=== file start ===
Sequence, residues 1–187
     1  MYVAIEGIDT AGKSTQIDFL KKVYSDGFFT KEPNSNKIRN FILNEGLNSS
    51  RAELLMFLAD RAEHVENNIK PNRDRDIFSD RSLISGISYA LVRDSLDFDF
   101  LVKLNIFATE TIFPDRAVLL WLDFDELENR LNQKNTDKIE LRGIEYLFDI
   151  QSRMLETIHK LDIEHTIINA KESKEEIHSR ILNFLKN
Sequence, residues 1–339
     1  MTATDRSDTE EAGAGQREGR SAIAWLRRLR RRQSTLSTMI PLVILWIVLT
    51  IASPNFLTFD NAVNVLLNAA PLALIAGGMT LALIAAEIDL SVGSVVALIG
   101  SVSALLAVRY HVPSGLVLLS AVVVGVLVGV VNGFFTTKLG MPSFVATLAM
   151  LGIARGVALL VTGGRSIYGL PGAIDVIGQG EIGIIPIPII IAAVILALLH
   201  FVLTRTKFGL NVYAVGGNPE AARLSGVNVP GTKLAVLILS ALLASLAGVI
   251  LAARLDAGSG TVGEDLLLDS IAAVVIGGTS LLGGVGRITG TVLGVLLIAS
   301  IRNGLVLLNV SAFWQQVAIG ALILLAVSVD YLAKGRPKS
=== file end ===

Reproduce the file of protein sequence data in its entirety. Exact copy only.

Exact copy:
Sequence, residues 1–187
     1  MYVAIEGIDT AGKSTQIDFL KKVYSDGFFT KEPNSNKIRN FILNEGLNSS
    51  RAELLMFLAD RAEHVENNIK PNRDRDIFSD RSLISGISYA LVRDSLDFDF
   101  LVKLNIFATE TIFPDRAVLL WLDFDELENR LNQKNTDKIE LRGIEYLFDI
   151  QSRMLETIHK LDIEHTIINA KESKEEIHSR ILNFLKN
Sequence, residues 1–339
     1  MTATDRSDTE EAGAGQREGR SAIAWLRRLR RRQSTLSTMI PLVILWIVLT
    51  IASPNFLTFD NAVNVLLNAA PLALIAGGMT LALIAAEIDL SVGSVVALIG
   101  SVSALLAVRY HVPSGLVLLS AVVVGVLVGV VNGFFTTKLG MPSFVATLAM
   151  LGIARGVALL VTGGRSIYGL PGAIDVIGQG EIGIIPIPII IAAVILALLH
   201  FVLTRTKFGL NVYAVGGNPE AARLSGVNVP GTKLAVLILS ALLASLAGVI
   251  LAARLDAGSG TVGEDLLLDS IAAVVIGGTS LLGGVGRITG TVLGVLLIAS
   301  IRNGLVLLNV SAFWQQVAIG ALILLAVSVD YLAKGRPKS